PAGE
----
No country is immune to war because of its borders.
Borders and Fences
Borders are long and fragile. It is impossible to entirely fence off the USA from the rest of the world and stop people from crossing the fence, or to stop weather, ecology and climate from knocking the fence down. As plenty of other people have shown this is what has happened with Trump’s famous border wall/fence. It was easy to climb. It collapsed; blown over or swept away by rivers and floods. It stole private land. It was a waste of money and resources, and did not serve to protect the USA from climate problems, economic collapse, migration, or modern military challenges. At best it seems a distraction from the real problems…
Social Categories and Borders
It is generally assumed that social categories have firm borders, and people act as if this is correct, but it is often not correct. A few examples:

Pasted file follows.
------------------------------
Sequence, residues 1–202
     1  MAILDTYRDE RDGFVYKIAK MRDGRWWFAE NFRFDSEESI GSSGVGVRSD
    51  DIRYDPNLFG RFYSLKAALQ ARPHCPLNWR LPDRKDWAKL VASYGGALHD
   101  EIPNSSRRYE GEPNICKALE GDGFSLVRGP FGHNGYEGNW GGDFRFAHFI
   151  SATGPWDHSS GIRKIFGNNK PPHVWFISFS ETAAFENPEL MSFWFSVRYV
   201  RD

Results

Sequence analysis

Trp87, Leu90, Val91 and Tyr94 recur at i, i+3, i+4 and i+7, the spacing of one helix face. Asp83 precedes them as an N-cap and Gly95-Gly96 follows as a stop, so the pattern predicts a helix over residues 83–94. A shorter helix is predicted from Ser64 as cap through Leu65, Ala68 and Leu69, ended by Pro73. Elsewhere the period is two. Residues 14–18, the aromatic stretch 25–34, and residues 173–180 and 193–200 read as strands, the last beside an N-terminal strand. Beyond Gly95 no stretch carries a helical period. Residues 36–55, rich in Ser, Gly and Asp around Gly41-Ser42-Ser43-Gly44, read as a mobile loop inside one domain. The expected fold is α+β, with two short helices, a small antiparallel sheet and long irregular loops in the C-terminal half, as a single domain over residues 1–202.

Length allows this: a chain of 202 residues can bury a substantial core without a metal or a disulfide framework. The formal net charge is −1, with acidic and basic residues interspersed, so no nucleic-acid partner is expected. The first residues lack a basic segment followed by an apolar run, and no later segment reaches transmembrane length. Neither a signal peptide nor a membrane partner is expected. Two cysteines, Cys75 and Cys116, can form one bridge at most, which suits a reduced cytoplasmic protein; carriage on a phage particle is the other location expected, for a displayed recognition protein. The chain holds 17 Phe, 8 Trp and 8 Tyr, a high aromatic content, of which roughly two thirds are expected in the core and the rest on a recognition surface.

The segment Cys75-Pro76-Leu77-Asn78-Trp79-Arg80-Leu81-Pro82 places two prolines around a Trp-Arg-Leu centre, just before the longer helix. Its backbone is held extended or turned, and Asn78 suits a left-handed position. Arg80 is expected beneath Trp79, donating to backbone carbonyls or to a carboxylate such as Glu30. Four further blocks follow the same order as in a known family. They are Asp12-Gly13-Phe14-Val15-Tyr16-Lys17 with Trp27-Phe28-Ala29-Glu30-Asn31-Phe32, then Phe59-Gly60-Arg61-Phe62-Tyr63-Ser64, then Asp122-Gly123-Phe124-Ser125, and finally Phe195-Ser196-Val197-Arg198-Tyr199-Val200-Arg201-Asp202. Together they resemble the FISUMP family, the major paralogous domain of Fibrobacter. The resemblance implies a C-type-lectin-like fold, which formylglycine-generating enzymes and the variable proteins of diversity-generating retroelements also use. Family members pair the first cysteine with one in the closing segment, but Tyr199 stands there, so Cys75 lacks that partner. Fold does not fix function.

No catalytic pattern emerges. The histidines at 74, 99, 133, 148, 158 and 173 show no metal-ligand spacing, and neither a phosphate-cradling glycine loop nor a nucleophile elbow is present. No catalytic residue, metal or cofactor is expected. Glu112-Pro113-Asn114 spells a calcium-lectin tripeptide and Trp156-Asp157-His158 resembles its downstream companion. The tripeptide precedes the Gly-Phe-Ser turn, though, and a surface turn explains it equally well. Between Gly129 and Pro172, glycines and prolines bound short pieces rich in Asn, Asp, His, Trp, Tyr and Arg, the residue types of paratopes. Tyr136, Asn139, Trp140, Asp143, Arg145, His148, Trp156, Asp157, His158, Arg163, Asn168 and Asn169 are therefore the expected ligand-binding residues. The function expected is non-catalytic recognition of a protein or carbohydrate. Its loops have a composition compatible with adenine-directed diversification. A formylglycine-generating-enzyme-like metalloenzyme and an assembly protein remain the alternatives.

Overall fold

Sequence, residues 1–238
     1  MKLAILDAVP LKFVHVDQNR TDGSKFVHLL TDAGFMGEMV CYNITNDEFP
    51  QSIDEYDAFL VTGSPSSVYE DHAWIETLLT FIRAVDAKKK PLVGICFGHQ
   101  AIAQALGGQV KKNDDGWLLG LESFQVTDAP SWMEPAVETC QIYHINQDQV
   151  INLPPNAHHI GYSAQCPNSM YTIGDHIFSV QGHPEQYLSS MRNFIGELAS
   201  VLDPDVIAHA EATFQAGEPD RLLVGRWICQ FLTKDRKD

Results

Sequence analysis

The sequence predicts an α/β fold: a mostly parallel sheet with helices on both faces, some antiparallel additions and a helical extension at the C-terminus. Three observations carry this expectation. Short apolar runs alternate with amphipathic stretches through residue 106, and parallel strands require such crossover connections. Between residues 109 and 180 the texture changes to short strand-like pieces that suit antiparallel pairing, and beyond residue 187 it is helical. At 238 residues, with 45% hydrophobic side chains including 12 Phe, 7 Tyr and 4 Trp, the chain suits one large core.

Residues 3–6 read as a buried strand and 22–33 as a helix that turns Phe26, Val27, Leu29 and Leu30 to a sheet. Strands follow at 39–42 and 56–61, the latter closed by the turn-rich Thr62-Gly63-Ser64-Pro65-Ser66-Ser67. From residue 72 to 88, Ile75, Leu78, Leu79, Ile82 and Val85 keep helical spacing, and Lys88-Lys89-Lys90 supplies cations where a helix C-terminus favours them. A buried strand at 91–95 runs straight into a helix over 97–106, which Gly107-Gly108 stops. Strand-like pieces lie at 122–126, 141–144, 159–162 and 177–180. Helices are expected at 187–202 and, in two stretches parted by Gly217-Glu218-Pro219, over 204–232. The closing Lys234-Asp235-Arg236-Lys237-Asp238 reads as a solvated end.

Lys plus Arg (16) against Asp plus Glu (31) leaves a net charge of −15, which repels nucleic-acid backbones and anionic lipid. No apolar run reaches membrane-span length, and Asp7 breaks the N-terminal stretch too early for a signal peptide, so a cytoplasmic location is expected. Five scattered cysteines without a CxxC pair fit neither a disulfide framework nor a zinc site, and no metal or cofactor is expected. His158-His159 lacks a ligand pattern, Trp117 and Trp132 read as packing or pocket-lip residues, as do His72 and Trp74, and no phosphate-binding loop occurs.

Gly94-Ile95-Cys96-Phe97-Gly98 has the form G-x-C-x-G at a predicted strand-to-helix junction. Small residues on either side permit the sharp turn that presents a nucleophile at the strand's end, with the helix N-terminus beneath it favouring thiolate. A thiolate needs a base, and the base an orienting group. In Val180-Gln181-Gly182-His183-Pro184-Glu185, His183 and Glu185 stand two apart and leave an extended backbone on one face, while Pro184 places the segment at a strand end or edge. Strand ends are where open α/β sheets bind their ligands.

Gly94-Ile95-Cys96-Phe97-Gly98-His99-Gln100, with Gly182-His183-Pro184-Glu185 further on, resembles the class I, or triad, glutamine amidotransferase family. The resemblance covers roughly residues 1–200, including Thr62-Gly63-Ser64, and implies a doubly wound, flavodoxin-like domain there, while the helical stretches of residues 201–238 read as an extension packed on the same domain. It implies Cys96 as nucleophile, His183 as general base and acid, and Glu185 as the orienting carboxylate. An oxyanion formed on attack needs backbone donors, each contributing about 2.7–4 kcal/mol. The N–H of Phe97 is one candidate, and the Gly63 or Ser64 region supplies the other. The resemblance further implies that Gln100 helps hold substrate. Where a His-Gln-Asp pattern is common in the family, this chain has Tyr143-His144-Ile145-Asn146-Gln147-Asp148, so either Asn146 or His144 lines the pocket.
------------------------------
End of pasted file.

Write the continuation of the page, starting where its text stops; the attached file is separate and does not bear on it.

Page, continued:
‘Racial’ categories, blend into each other. People breed with each other, sometimes by violence, but nevertheless they breed across cultural and racial groups People often seem to have ancestors from all over the world. People breed across borders and then inland from the borders, so the whole group is affected. It is unlikely that any country has ever been pure in ‘race’. Attempts to reinforce racial boundaries attack the reality of the mixtures.
Cultures borrow from each other, and separate from each other. They innovate and change – people are good at having new ideas. Attempts to reinforce cultural boundaries attack reality and creativity.
Class and caste borders are permeable – not only because we breed with each other, but because people do go up and down, people marry in – even in caste societies – wealth gets shared (although people can try and stop this). Attempts to reinforce class and caste borders attack reality and the distributions of talent and ability.